Can Reducing Dairy Help the Environment and Your Wallet?

So it’s that time again. You gather your reusable bags and head towards your local farmer’s market or grocery store. But before you grab that gallon of milk or pound of cheese let’s learn about some alternatives that could save your wallet big savings and help the environment too.


So what impact does the dairy industry have on the environment? Let’s look at the pros and cons.


Water– One issue with the dairy industry in general is the use of water. Water is used to hydrate the cows, clean the facilities and the milking equipment, The dairy industry consumes 19% of the total water used in animal agriculture (2422 billion cubic meters). That’s a whole lot of water. Keep in mind that their are an estimated 270 million dairy cows in the world. You can find out more about this from

Carbon Emissions- According to the Food and Agriculture Organization of the United Nations, dairy production produces 4% of the total global anthropogenic GHG emissions.

Animal Safety- I put this last because there are farms who respect the lives of their animals and the quality of their products. However, in general, this is not widely practiced. In fact, according to the Human Society cows often face restrictive housing, poor nutrition and overproduction.  Not only could this be considered unethical think about the product you are consuming. Do you want to drink milk or consume dairy that was produced by a cow who has bad nutrition or bleeding utters? Now, there are FDA regulations but still think about it. It’s kind of gross, right?


Supporting Local Agriculture– One of the biggest pros in consuming dairy products is that it provides an opportunity to support local agriculture. If you shop around, in most cases, you can find a local organic farmer that sells dairy. Most of the time these cows are treated well and the dairy is derived in a much cleaner way.

Calcium & Nutrition– Milk and other dairy products have calcium and other nutrients in them that is good for your health. However, there are dairy alternatives that have many of the same nutrients.


So if you are thinking you want to try to go dairy free here are some yummy and cost saving alternatives.

Almond Milk: Almond milk is so yummy and I find it taste very similar to 2% milk. I buy my almond milk at Aldi for about $1.35 a half gallon. Considering that regular milk cost me about $4-5 a gallon at my local grocery store, switching to almond milk has already saved me money on my monthly grocery bill. I buy the unsweetened but they also sell it in vanilla and chocolate. You can also use Cashew milk as an alternative but I find that is a lot more expansive.

DIY Yogurt: You can actually make your own yogurt by putting probiotics into a cup of almond milk and then add fresh fruit.

Coconut Butter & Cream: Coconut butter does have a bit of a coconut flavor to it. However, it taste great I just wouldn’t use it in a pasta or other dish where coconut may throw off the taste instead of complementing the other ingredients. You can also buy coconut cream that can be made to use a ton of different dishes like sour cream, yogurt, and cream cheese. Check out Pinterest for some awesome recipes. This will save you money in the long run because you don’t have to buy separate products.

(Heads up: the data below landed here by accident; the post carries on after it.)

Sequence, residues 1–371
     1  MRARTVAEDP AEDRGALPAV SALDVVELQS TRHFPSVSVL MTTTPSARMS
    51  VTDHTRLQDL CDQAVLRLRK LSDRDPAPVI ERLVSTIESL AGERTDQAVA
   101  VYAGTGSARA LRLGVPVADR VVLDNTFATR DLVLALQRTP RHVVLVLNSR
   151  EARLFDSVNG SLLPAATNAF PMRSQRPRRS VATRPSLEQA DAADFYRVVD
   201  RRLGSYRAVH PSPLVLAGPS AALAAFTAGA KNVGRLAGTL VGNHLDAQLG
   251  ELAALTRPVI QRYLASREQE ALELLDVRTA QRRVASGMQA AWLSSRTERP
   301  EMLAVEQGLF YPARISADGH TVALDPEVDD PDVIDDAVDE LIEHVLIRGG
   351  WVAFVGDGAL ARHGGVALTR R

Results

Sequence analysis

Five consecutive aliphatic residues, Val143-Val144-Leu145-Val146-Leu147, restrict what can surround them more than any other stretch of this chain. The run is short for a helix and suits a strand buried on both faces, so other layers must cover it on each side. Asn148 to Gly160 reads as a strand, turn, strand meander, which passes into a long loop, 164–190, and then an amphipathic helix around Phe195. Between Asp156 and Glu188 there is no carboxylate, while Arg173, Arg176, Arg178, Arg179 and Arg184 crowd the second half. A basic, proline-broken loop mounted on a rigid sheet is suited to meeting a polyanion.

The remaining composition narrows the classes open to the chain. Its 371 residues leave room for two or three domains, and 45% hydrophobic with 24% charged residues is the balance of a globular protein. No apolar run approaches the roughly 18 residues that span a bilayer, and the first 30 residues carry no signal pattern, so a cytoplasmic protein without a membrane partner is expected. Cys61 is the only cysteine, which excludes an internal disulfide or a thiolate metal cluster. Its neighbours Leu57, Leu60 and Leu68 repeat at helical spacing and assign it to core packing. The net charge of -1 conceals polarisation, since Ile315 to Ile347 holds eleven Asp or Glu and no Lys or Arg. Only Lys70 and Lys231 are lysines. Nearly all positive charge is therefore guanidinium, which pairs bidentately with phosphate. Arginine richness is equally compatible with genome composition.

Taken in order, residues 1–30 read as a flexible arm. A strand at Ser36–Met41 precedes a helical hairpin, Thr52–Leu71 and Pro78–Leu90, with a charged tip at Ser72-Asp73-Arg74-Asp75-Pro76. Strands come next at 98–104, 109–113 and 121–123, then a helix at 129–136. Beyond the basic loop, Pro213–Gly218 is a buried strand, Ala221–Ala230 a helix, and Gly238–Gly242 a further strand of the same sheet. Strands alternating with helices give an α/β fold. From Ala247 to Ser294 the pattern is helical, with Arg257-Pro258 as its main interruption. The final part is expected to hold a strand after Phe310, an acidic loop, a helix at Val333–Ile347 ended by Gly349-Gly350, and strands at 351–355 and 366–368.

Olive Oil Butter: I absolutely love olive oil butter. I use Earth Balance and it is delicious. This brand is a little more expansive that a dairy brand. However, Publix often has this brand as part of their BOGO sale which makes it actually cheaper to buy than the dairy product.

Banana Ice Cream: Banana ice cream is so good and healthy! All you do is freeze bananas, blend them with almond milk and your toppings and it’s ready to eat. This is so much cheaper than buying ice-cream. I actually tend to freeze my bananas that are going bad so I don’t have to compost them. I can just the old bananas as an excuse to eat ice-cream.

Cashew Sour Cream: Check out this recipe. It’s so yummy! My husband and I put this cream in our Buddha bowls. It saves us money because we eat a lot of nuts and always have cashews on hand. So this means we don’t have to go out and buy another product.

I hope this article has given you a few ideas on dairy alternatives. If you are going completely dairy free remember to read your labels. You would be surprised how often dairy is used in products. My awesome cousin taught me that. She is a rock star!  Also, if you want to make an impact but don’t really want to go completely dairy free just make a few small changes. Maybe have a dairy free day or week. Or maybe put almond milk in your coffee instead of regular milk. There are a ton of minor adjustments that can help make a difference.


Disclaimer: Information expressed in this article is solely the opinion of the writer. The writer is not held liable for any damage or health concerns resulting from information or endorsement from this article. If in doubt, always contact a health professional before using a new product on yourself or others or testing out a new food product or recipe especially if you have any known allergies.

*Article not sponsored by suggested companies.


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